BOB'S BITS

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Re: BOB'S BITS

Post by Stanley » 18 Sep 2017, 14:00

Now is the accepted time, not tomorrow, not some more convenient season. W E B Dubois.

On 18th September, 1895, Booker T. Washington delivered his famous (or to some, infamous) "Atlanta Compromise" speech at the Atlanta International Exhibition. Washington, the founder of the Tuskegee Institute, was weary of the violent racism and lynchings which increasingly dominated southern race relations. The most famous portion of the speech urged southern African Americans to be “patient”:
"To those of my race who depend on bettering their condition in a
foreign land, or who underestimate the importance of cultivating
friendly relations with the Southern white man, I would say: "Cast
down your bucket where you are--cast it down in making friends in
every manly way of the people of all races by whom we are surrounded.”

Other black leaders dissented strongly, none more so than W. E. B. DuBois, who argued that it was wrong both morally and tactically to invite delay in securing the civil rights that should have gone with freedom. DuBois would go on to found the “Niagara Movement” which would, in course, become the NAACP, from its birth considered radical and immediatist. At the time Washington’s strategy won more support from amongst white moderates (and donors). White racists, probably in the majority, were not listening to either Washington or Dubois, but were using both law and terror to keep black people in their place. Whether Dubois or Washington was “right” is an interesting, difficult question, on both tactical and ethical grounds, but the Stockley decision in St. Louis suggests that patience of any sort may be, and perhaps should be, running very short. ©

[ For the Stockley decision Bob mentions, see THIS]
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Re: BOB'S BITS

Post by Stanley » 19 Sep 2017, 09:58

Like the sun-dial, my paint-box counts no hours but the sunny ones. Arthur Rackham.

In the 19th-century US, Francis Parkman and Teddy Roosevelt (among quite a few others) went west to leave behind them their sickly childhoods. For frail English youths, at least those of a certain class, the cure was often a sea voyage to Australia, and this was Arthur Rackham’s route. Born on September 19, 1867, into the very large family of an admiralty clerk, Rackham had already made himself known as a boy who could draw and paint (especially watercolors), and so he took his paint box—his “modest silent convenient companion”—with him. Returning to England in about 1885, he quickly became known as an illustrator, adept at fitting his medium to the message of the text, and showing a particular bent towards fantasy. He did special English editions of Grimm’s Fairy Tales and Rip Van Winkle, illustrated Peter Pan and a 1907 edition of Alice (she of the Wonderland), and by the end of the First World War was at the top of his professional tree, sought after for special editions of all sorts. In his age, Rackham grew bitter at the thought that his easy talent for book illustration had frustrated deeper ambitions to be a “real” artist, beauty as it were sacrificed on the altar of lucrative commissions, but for those legions of readers who find his book art exquisitely matched to their favorite text—whatever it might be—he made the right choice. Rackham’s particular masterwork of illustration, indeed a work of real genius, was undertaken just before his death, as he executed work he had long wished to do, the classic children’s book, The Wind in the Willows. For most readers today, Ratty, Mole, the vainglorious Mr. Toad, and the magnificent Badger—not to mention the wondrous River and the terrifying Wild Wood—are as much Arthur Rackham’s as they were Kenneth Graham’s. The ‘Rackham edition’ (the one you want your children to treasure) appeared in 1940, just a year after the artist’s death. ©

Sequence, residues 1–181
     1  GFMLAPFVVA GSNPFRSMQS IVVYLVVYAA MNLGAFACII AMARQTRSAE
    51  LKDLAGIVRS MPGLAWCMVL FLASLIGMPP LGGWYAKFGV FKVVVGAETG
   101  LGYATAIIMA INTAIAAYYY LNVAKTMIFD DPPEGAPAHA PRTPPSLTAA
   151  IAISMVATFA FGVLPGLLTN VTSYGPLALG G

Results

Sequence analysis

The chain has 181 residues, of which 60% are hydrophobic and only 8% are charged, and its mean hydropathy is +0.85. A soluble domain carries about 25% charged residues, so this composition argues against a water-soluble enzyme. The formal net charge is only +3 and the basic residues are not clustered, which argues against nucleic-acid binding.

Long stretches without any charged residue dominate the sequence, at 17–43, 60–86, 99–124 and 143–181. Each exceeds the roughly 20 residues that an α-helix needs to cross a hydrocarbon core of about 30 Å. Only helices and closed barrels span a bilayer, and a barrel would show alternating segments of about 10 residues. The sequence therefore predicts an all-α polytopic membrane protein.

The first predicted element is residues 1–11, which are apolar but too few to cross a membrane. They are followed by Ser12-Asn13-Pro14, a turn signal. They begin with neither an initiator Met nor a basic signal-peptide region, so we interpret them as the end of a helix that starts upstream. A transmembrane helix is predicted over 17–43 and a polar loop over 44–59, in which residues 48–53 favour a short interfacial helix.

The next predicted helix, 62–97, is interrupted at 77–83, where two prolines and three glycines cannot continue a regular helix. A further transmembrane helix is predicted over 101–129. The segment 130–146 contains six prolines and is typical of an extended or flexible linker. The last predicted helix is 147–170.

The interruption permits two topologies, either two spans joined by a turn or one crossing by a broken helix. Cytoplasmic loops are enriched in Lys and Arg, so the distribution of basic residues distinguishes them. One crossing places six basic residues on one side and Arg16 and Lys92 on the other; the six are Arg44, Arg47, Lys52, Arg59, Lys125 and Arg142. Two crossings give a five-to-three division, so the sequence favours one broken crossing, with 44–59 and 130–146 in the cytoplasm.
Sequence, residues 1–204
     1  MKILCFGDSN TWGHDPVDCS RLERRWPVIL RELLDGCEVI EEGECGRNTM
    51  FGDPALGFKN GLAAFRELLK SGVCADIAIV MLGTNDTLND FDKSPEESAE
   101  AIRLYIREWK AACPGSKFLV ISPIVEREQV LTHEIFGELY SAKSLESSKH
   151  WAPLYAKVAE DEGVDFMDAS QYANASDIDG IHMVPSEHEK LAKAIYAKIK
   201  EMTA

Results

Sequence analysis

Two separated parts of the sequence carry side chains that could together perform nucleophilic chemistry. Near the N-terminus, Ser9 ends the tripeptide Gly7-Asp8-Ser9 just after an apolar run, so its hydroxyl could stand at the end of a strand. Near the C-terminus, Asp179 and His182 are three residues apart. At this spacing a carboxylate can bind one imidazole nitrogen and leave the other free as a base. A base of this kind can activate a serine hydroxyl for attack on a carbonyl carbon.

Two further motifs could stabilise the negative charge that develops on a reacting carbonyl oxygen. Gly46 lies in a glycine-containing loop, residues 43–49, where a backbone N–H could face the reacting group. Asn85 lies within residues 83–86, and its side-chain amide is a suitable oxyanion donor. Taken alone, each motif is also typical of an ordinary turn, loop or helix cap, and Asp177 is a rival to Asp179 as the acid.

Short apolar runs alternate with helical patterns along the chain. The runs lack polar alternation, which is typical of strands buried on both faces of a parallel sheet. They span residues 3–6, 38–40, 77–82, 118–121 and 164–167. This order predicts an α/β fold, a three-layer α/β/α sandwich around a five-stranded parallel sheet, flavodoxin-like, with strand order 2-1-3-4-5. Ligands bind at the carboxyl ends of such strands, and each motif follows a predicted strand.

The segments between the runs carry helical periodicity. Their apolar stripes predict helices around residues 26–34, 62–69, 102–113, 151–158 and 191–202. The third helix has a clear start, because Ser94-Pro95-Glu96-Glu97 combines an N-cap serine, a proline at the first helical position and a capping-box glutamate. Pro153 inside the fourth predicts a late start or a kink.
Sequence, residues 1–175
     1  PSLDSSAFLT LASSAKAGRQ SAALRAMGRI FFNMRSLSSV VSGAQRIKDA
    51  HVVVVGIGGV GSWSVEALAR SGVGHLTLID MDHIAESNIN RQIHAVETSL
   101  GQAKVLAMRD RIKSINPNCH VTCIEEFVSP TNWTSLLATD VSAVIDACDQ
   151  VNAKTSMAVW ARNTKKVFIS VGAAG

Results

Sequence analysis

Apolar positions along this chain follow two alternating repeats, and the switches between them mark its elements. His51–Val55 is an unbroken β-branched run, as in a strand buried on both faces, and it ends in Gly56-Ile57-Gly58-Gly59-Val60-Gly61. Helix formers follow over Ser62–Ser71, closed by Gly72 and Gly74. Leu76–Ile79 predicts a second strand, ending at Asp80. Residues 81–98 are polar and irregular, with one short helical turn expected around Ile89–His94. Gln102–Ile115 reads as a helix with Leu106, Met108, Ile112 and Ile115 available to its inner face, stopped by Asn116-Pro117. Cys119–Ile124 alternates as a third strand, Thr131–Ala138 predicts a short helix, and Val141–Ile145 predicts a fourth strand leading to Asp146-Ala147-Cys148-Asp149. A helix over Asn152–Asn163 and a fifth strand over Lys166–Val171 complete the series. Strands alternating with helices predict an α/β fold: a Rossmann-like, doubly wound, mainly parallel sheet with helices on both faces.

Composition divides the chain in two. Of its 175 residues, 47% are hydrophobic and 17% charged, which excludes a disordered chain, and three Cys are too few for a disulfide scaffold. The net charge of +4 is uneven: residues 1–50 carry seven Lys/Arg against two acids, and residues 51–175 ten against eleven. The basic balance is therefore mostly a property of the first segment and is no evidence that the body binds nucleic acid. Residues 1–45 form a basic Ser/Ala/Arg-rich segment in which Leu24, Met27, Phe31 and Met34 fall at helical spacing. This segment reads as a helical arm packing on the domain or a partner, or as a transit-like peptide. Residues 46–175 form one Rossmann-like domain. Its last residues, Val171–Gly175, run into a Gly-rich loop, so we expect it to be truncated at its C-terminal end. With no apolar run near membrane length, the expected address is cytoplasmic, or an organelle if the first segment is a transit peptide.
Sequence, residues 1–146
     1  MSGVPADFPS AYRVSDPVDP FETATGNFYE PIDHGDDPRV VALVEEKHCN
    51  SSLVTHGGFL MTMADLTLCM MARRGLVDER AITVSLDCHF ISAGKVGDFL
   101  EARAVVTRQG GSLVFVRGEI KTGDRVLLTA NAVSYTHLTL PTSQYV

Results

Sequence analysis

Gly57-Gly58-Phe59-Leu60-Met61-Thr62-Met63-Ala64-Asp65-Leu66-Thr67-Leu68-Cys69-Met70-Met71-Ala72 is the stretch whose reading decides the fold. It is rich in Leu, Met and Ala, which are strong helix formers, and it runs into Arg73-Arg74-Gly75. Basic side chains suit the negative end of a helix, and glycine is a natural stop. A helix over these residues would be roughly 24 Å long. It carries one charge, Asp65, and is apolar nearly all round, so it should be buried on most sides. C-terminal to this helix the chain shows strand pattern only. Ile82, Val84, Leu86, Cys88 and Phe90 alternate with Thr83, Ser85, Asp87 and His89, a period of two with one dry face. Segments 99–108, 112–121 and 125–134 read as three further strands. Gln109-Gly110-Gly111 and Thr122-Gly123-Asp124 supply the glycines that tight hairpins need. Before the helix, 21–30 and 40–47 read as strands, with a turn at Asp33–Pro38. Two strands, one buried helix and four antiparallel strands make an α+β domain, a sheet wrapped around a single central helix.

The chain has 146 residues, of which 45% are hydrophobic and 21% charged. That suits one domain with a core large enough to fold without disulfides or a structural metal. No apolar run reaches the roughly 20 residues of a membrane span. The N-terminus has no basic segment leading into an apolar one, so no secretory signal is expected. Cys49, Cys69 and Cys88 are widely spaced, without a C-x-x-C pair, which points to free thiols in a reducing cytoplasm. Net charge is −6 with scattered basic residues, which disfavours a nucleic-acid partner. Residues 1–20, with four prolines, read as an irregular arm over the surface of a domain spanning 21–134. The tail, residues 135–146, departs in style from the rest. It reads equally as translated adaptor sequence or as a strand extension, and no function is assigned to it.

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Re: BOB'S BITS

Post by Stanley » 20 Sep 2017, 09:53

My friendships, they are a very strong part of my life, they are as light as gossamer but also they are as strong as steel. Stevie Smith, Novel on Yellow Paper, 1936.

Most poets need that ‘day job’ to be assured of the needfuls, proteins, carbs, and the shelter and clothing that help to keep the creative juices flowing. And the day job seems often to have been one of Stevie Smith’s problems. The problem was made worse because Stevie was a “she” and because she was afflicted, if that’s the right word, with a stubborn, eccentric streak that (she often mused) made her unfit for marriage, motherhood, or very much else in the way of remunerative existences. Stevie Smith was born Florence Margaret Smith, in Hull, on September 20, 1902. She acquired the ‘Stevie’ because a friend thought she looked like a famous jockey, and indeed she was slight of stature. She was also a bit of an orphan, her father having run away when she was a toddler (probably not from her, but she took it personally and much later preferred not to attend his funeral), and then her mother died, painfully, when she was but 16. She was taken in by a long-suffering auntie who loved her but had no time for poetry, and all this (plus tuberculosis, contracted at age 5) gave Stevie a somewhat sardonic outlook on life and (for that matter) death. She also developed an odd relationship with religion (she was a “lapsed atheist” of the Anglican variety), an agnostic who more than occasionally worried that she might be falling into belief. Stevie published quite a few poems, nine times in her own volumes, and her verse seems to me to remain fresh, surprising, quirkily rather than constitutionally pessimistic, and well worth spending quality time with. She also published three novels, the first of which (1936) proved that like her indulgent auntie Stevie Smith had no time at all for Hitler. She may have fallen in love with George Orwell, though she kept that connection quietly shrouded until later in her life. But Stevie Smith certainly loved her auntie and the brave “house of female habitation” that auntie supplied her with, in lieu of the day job. ©